The HyperTexts

Emery Campbell

Emery L. Campbell writes poetry and short works of fiction and nonfiction which have appeared in the publications Light, Midwest Poetry Review, Writers’ International Forum, Poets’ Forum, Parnassus Literary Journal, SpellBinder, and others; in anthologies including Reach of Song, Golden Words, and Where Sunbeams Dance; and in various other magazines and newsletters.  He is an active member and past general contests chairman of the Georgia Poetry Society and also belongs to Southeastern Writers Association and Georgia Writers, Inc.  He contributes a regular column on grammar and usage to the newsletter of the latter organization.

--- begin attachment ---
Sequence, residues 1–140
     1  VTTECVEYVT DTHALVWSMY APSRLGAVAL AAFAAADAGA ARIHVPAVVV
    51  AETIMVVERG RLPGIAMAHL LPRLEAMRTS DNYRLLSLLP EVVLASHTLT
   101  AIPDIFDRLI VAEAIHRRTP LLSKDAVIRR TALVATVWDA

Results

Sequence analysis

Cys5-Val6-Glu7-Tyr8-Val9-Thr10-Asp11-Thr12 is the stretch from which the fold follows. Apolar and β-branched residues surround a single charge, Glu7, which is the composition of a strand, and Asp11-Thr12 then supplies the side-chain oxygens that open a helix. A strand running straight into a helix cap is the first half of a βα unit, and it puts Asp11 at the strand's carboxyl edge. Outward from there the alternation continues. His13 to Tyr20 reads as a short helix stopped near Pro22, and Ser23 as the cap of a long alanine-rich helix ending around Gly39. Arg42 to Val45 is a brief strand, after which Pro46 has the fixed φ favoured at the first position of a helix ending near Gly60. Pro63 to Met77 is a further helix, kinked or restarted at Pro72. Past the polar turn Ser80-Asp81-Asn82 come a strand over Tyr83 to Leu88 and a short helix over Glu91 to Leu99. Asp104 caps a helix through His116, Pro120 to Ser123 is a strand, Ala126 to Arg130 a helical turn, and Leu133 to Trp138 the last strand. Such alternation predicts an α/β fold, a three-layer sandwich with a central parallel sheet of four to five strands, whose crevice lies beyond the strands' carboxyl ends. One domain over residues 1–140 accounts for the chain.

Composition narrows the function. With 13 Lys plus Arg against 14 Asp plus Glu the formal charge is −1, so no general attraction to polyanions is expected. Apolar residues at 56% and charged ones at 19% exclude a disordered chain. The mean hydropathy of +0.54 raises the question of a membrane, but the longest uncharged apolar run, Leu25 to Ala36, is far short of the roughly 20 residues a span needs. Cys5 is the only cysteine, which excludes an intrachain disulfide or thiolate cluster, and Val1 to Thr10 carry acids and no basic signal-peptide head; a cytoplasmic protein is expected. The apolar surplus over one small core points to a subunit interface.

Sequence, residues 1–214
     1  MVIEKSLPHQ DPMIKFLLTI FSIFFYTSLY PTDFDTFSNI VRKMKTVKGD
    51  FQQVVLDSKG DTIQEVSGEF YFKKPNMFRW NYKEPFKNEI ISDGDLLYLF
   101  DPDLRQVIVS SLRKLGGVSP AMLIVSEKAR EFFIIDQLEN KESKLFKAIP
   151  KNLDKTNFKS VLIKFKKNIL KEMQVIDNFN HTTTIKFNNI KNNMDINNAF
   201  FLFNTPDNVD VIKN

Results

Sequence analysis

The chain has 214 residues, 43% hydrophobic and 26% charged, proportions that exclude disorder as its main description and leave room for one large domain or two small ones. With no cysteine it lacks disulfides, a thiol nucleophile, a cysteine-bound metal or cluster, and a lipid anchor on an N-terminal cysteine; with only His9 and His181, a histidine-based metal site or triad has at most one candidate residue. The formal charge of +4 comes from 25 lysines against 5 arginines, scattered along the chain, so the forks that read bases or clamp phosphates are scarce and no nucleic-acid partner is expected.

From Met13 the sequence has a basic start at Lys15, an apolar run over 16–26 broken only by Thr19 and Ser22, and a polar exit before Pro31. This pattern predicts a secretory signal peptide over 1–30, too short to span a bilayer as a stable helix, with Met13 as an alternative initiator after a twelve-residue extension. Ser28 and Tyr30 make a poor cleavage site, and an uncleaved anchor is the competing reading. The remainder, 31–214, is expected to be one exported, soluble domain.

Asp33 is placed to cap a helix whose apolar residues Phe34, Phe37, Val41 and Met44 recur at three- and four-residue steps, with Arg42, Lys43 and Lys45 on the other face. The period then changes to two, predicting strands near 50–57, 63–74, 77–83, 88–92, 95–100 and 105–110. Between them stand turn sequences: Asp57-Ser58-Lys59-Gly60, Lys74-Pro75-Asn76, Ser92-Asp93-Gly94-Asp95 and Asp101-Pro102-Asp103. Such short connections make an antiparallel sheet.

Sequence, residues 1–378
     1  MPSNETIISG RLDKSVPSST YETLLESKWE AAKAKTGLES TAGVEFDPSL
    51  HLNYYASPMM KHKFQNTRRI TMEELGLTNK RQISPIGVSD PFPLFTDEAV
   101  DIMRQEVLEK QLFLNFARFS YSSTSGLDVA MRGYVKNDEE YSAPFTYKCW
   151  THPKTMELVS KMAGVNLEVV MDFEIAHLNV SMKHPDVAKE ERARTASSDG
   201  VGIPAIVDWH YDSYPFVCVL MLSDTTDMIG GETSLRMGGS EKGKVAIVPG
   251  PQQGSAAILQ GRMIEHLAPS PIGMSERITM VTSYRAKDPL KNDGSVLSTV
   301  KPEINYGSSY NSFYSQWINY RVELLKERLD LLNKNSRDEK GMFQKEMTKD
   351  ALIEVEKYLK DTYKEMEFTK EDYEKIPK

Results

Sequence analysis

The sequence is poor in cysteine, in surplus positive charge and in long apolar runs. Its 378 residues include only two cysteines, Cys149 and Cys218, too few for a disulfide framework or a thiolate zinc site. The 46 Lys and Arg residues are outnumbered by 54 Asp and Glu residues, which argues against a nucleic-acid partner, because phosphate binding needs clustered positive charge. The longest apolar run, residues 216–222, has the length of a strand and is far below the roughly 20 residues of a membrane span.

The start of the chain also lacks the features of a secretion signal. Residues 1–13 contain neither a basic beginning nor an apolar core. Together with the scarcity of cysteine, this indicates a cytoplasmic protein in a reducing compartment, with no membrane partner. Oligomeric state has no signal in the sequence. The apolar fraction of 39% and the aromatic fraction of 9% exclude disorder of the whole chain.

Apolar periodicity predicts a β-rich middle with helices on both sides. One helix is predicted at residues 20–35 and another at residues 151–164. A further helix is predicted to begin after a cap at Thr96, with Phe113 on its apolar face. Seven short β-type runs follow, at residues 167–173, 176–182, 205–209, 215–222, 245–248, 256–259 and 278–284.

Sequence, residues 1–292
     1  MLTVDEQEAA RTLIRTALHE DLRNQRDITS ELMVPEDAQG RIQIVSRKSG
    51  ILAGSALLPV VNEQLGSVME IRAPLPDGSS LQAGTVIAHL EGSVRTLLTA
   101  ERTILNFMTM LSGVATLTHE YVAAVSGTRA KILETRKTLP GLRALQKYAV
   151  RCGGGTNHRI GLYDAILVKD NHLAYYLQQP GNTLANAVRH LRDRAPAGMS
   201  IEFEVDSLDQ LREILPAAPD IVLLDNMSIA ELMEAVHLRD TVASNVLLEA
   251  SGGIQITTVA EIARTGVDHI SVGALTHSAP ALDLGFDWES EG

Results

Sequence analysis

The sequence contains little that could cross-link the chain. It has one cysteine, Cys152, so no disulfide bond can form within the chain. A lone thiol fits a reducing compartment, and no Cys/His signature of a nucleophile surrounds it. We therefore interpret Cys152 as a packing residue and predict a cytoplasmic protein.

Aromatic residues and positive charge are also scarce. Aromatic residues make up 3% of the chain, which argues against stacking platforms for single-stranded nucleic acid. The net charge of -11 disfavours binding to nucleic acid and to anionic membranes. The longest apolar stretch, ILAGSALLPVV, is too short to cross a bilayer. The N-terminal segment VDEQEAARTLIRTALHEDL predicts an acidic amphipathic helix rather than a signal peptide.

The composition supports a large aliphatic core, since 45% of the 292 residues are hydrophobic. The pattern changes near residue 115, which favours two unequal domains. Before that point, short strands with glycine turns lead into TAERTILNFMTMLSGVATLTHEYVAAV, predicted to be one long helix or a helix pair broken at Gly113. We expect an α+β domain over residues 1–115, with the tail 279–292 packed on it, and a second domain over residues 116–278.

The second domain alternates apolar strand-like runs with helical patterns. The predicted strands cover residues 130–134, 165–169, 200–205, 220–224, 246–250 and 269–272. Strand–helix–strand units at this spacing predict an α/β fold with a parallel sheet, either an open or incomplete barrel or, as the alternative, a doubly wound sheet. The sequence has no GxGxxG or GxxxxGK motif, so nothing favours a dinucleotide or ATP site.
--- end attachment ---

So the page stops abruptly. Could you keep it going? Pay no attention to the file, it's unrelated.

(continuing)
Born in 1927 in Monroe, Wisconsin, Mr. Campbell served as a naval aviator from 1945 to 1950.  He subsequently graduated from the University of Wisconsin in June 1952 with a BA in French and spent the following two years as a postgraduate student in France.  From 1955 until his retirement in 1992 he was employed as an export sales executive.  In this capacity he resided for many years in France, England, and Argentina, as well as in the United States, and traveled widely for business and pleasure.

Since early 1988 Mr. Campbell and his wife, Hettie, a native of the Netherlands, have lived in Lawrenceville, GA.  The couple has two grown sons, both of whom reside in the Atlanta area.

New Vile Cuisine

You hear about cuisine that is très haute,
but rarely of exotic, striking fare,
still less of chefs who actively promote
such dishes which they fashion with a flair.
For starters, some prefer potage zygote
or aphrodisiacal paw of bear.
Read on for offbeat Cordon Blur cuisine
to tempt the most fastidious bouche fine.